Still catching up. Forgive me for lumping these two together.
Richard and Mildred Loving, the couple at the center of the landmark Supreme Court case, Loving v. Virginia, are the subject of "Loving." Richard was white and Mildred was black and Native American, so their marriage was illegal in the state of Virginia in the 1950s and 1960s due to miscegenation laws. They married nonetheless, and after being ejected from the state, spent many years fighting their way through the courts to have their marriage recognized. All of this is depicted in the film, but the courtroom drama stays mostly in the background. Director Jeff Nichols is more interested in showing the couple as they were for the majority of their lives: quiet, unassuming, and hard-working people just trying to get by.
Played by Joel Edgerton and Ruth Negga, the Lovings come across as a pair of very nice people, first and foremost. He's the more reticent one, but fiercely devoted and determined to stand by his marriage. She's very gently the brains of the operation, who plucks up the courage to write to Bobby Kennedy for legal aid, and who eventually becomes more comfortable with the press. Negga is wonderful here, but it's Edgerton who is the impressive one, as Richard has to push himself to accept the help of the lawyers and remains uncomfortable in the spotlight to the end. He never says very much, but there's an appealing steadfastness to his convictions, and a sweetness to his affection. The early scene where he proposes to Mildred is a charmer.
But while I appreciate that Nichols was trying to do right by the Lovings, and trying to avoid all the cliches that come with this kind of material, "Loving" still strikes me as awfully sparse. There are long sequences devoted to watching the couple live out their daily lives, and navigating racial tensions when they arise, all very subtly, carefully done. However, the lawyers, led by Bernie Cohen (Nick Kroll), are cartoonish by comparison, and come across a little odd. Also, as someone who does enjoy political and legal fiction, I was disappointed that we learned so little about the particulars of the case and its strategy. There were times I wish I was watching a documentary instead of a dramatization. Still, Nichols' filmmaking is very enjoyable, and I'm certainly not going to fault him for telling the kind of story that he tells best.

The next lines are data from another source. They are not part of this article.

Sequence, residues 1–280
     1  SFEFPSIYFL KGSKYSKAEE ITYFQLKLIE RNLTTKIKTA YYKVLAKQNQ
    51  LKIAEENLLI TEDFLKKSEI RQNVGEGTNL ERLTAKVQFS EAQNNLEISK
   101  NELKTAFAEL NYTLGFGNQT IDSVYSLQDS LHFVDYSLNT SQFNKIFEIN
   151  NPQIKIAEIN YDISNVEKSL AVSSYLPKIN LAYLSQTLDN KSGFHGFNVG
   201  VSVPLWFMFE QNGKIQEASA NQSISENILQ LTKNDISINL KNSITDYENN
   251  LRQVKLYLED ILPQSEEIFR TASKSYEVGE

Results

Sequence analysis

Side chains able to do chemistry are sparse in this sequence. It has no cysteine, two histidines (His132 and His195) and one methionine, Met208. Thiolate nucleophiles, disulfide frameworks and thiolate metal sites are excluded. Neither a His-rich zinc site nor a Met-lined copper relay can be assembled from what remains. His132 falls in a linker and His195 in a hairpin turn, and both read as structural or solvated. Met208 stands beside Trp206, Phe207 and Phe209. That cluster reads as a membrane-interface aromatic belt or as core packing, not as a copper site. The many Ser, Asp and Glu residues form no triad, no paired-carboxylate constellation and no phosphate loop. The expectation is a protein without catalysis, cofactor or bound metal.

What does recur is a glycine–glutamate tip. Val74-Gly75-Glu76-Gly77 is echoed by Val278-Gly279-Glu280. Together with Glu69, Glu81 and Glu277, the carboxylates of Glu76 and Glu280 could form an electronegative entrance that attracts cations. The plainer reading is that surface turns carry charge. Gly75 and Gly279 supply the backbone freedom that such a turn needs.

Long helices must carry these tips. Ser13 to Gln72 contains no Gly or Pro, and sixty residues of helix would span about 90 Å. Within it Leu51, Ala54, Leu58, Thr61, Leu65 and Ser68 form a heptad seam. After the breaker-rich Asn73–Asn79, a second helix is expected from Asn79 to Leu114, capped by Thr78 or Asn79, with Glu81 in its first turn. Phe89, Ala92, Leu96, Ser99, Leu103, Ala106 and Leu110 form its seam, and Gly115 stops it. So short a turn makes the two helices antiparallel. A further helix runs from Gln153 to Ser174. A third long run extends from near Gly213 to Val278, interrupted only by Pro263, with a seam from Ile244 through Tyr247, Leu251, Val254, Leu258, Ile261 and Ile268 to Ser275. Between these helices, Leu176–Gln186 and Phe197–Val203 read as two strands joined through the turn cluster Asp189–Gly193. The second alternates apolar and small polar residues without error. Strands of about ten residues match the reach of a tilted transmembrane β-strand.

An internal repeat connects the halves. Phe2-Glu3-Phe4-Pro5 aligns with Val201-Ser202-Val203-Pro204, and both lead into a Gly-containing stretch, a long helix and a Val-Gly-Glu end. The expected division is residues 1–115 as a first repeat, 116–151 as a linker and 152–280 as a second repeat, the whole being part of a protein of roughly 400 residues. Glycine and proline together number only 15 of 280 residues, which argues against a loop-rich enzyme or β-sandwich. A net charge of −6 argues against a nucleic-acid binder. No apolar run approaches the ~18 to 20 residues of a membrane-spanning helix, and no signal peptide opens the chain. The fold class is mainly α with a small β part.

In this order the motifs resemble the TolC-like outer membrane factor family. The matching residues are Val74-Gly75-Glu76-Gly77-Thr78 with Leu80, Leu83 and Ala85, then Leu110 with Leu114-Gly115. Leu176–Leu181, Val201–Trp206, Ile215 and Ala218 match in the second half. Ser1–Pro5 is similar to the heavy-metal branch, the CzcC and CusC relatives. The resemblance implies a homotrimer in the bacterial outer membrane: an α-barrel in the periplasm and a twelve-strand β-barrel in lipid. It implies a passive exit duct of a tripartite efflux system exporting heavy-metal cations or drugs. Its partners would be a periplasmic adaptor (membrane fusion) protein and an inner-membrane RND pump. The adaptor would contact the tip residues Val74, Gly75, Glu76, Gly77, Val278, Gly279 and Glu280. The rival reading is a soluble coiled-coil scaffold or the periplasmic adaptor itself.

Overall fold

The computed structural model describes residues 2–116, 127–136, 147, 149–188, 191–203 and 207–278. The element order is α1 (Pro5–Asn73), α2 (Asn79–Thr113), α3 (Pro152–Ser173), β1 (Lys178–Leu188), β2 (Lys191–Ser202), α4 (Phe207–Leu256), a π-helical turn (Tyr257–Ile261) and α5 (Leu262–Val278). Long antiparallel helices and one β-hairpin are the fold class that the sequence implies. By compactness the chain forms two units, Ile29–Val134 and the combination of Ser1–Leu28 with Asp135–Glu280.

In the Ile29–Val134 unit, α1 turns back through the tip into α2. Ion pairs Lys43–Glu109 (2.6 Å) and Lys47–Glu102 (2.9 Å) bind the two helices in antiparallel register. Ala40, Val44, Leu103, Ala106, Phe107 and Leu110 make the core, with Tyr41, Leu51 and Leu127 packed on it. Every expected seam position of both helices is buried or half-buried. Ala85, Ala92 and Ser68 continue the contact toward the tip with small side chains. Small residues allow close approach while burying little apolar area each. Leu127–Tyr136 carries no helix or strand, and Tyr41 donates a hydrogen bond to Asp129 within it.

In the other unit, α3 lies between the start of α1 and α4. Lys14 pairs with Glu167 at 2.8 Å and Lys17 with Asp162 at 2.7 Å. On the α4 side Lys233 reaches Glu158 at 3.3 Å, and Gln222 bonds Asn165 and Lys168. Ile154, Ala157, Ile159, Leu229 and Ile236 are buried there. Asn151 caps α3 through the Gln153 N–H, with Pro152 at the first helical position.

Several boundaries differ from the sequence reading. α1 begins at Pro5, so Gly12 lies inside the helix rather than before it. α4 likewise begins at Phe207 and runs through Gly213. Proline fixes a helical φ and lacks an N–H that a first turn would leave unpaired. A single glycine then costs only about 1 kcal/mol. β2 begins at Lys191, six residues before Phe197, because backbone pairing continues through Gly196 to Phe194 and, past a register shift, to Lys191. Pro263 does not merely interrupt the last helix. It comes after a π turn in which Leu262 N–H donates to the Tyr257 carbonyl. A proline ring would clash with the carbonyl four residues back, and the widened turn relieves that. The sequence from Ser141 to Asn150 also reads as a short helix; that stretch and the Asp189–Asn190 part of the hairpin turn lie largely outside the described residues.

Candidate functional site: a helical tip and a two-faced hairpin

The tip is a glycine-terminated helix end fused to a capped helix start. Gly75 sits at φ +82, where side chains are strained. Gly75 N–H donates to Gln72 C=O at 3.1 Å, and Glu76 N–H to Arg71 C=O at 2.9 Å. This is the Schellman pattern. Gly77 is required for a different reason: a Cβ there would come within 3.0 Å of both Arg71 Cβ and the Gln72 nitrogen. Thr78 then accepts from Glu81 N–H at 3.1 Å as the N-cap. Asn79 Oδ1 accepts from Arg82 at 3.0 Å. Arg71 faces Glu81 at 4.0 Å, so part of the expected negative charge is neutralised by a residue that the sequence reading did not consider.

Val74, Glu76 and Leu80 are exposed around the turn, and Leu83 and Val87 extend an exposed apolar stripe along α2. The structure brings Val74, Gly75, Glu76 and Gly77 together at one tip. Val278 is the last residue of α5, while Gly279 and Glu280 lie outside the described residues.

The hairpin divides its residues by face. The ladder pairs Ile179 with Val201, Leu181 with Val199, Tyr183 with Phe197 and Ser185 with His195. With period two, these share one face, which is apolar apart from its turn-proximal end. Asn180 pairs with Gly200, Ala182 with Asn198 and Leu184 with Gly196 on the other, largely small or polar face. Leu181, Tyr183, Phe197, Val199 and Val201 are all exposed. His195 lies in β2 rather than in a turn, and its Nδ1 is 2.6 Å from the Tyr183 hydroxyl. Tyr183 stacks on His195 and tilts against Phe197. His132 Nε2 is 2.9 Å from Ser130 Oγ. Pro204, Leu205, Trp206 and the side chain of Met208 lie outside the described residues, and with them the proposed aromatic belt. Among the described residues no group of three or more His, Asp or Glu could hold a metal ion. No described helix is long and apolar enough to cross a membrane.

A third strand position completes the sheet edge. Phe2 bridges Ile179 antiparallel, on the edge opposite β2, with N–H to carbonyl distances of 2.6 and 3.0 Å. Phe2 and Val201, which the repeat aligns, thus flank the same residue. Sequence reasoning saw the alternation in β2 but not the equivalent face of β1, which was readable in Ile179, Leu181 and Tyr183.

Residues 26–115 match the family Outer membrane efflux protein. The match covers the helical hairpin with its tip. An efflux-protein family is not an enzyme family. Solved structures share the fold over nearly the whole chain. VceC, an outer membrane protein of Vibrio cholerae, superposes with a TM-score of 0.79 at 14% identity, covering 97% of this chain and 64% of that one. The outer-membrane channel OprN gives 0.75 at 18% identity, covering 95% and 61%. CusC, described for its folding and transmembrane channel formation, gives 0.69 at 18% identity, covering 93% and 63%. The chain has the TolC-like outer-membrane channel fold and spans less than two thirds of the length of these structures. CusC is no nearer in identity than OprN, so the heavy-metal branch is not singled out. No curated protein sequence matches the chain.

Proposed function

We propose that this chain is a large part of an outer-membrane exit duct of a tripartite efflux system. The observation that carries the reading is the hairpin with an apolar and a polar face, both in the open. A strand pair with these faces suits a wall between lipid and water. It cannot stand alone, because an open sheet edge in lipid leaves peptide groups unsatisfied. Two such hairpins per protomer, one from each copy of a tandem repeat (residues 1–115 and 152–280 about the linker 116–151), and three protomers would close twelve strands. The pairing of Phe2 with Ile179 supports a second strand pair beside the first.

On to "The Birth of a Nation," which was controversial for all the wrong reasons. The dream project of Nate Parker, who co-wrote, directed, produced, and starred in the film, this was predicted to be a major 2016 awards contender and cultural event after its triumphant premiere at Sundance last year. Dramatizing the life of Nat Turner, a black preacher and slave who lead a slave rebellion in 1831, the film is highly ambitious, provocative, and daring, both thematically and from a production standpoint. The title alone seemed to be declaring war on the cinematic establishment. But while it does have some great dramatic moments, and reveals Parker to be a very promising young filmmaker, "The Birth of a Nation" is far from a great piece of cinema.
Initially, the brutal depictions of slavery and plantation life are very impressive, and I enjoyed the unfolding love story between Turner (Nat Parker) and his eventual wife Cherry (Aja Naomi King). However, we're ninety minutes into the two hour film before the rebellion gets underway, and it feels like it's over with in an instant. Instead, Parker takes his time building up Nat Turner into a martyr figure, including a lot of heavy-handed symbolism and increasingly dubious dramatic devices. The main villains are a slave catcher, Raymond Cobb (Jackie Earle Haley) and Nat's initially friendly master Sam (Arnie Hammer) who come across as especially two-dimensional. I resisted comparing "The Birth of a Nation" to "12 Years a Slave," but I appreciate the latter film so much more after watching Parker's well-meaning, but much clumsier handling of this material.
Still, "The Birth of a Nation" is a film that I'm very glad was made, and made in such an uncompromising fashion. We simply do not have enough media in this vein, and as flawed as it is, this movie is a good example of the kind of big stakes, big ideas filmmaking that I want to see more of. Nat Turner's rebellion should have been brought to the screen by a more seasoned director long before this.